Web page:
Sunday, November 12, 2006


Brown Reforming Voting System Probably a Non- starter

I was intrigued by Jasper Gerard's suggestion today that Gordon Brown might make a dramatic move upon becoming prime minister to equal his granting independence to The Bank of England in 1997. How? By reforming the electoral system. I suggested on this blog many months ago that Blair might do the same in the short period left to him as a means of entrenching a Labour-Lib-Dem hegemony for decades to come. Now that would be a legacy worth leaving.

Gerard reports that Cameron seems to be very slow off the mark regarding pre-election feelers to Sir Ming's crowd- many of whom are more rightwards leaning these days, of course- in the event of a (likely) hung parliament in 2009. So the field is relatively open to Gordon suggests the Observer hack. Changing the system would require a referendum. Gerard says, however, that if the Lib Dems 'accepted a watered down version for now, retaining the link between MPs and their constituencies', then it could be passed off as 'tinkering and not constitutional change' and not require such problematic national consultation.

This last point seems very frail. What kind of 'watered-down' system does he envisage? OK, not STV but maybe the amended AMS of the Scottish and Welsh devolved assembly variety as suggested, in essence, by the late, revered Roy Jenkins in his ignored 1998 report? This scheme retains the constituency link but to introduce it nationwide would be vastly more than mere 'tinkering'. Moreover, would voters take yet another helping of Labour after Iraq and the cock-ups of Blair and co? And such a deal would need to be signalled well in advance to pre-empt any backlash and might not be deemed viable. No, Gordon would need to think this through very, very carefully. Despite Jasper's claim of 'half -decent' sources close to Brown, I suspect this highly political animal has already considered such an option and that he has no such idea- bold though it may seem- anywhere in mind.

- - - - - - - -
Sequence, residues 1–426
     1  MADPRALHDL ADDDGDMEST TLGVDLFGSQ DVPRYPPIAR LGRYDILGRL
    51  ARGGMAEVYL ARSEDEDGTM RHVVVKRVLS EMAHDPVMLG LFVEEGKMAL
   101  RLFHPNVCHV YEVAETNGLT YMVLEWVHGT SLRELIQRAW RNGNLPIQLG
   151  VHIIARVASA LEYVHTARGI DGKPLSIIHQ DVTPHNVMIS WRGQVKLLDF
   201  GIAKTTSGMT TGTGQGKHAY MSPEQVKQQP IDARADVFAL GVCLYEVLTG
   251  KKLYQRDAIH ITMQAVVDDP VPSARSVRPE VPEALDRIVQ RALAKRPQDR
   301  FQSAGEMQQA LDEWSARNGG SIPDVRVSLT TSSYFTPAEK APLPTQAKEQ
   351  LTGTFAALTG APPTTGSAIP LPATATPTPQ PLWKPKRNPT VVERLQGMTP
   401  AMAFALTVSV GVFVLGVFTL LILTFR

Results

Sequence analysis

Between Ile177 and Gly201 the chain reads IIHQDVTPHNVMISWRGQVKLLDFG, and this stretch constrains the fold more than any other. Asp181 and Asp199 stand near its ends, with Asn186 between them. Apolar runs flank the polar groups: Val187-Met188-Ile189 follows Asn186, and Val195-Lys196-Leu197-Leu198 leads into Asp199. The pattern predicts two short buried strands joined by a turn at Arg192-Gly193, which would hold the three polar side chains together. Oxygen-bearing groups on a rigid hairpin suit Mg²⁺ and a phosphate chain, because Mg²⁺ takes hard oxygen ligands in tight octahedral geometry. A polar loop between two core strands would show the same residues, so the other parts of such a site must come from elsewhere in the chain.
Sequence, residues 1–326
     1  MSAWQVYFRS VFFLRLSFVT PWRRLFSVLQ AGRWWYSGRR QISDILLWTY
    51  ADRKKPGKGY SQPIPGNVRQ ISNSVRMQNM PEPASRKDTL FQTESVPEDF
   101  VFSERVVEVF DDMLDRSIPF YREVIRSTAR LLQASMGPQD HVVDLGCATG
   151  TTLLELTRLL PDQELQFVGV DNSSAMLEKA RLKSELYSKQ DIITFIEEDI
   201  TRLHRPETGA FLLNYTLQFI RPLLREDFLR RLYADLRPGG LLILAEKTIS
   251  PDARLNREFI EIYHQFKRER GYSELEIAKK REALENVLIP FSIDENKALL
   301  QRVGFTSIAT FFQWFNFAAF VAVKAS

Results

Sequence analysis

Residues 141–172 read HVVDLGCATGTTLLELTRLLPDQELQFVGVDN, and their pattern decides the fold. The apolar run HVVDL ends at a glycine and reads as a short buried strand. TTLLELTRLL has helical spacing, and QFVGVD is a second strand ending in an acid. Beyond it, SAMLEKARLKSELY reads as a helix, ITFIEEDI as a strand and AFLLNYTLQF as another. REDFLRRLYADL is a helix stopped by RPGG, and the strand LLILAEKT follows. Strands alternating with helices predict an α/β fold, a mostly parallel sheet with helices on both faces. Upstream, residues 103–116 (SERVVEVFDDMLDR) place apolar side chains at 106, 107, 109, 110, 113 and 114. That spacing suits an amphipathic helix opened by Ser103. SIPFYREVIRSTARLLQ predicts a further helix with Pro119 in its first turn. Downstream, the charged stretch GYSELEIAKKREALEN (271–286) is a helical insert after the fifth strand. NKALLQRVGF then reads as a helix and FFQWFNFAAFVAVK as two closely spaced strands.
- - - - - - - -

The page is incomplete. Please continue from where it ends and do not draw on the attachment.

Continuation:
"entrenching a Labour-Lib-Dem hegemony for decades to come. Now that would be a legacy worth leaving" - pah! Possibly you don't have much experience of the horrors of Lib Dem / Labour coalitions in local government but you're surely old enough to recall the dreadful days of the Lib/Lab pact in the late 1970s?!
My Labour councillor friends tell me the Lib Dems are reptiles with cloven hooves but the ones I know seem more than human to me. As for the Lib-Lab pact I don't think it achieved much either good or bad or did I miss something?
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Your Labour councillor friends must be an exceptionally mild mannered lot...

The Lib - Lab pact was followed by Thatcherism and the SDP, need I say more?
Come on now Hughesey, you can't be suggestiung a causal link between the Lab-Lib pact and Thatcherism....!?
Both that (awful) phenomenon not to mention the SDP, surely, were the result of Labour's failures to govern successfully during the seventies?
It were weak governmenet wot led to these horrors. QED...
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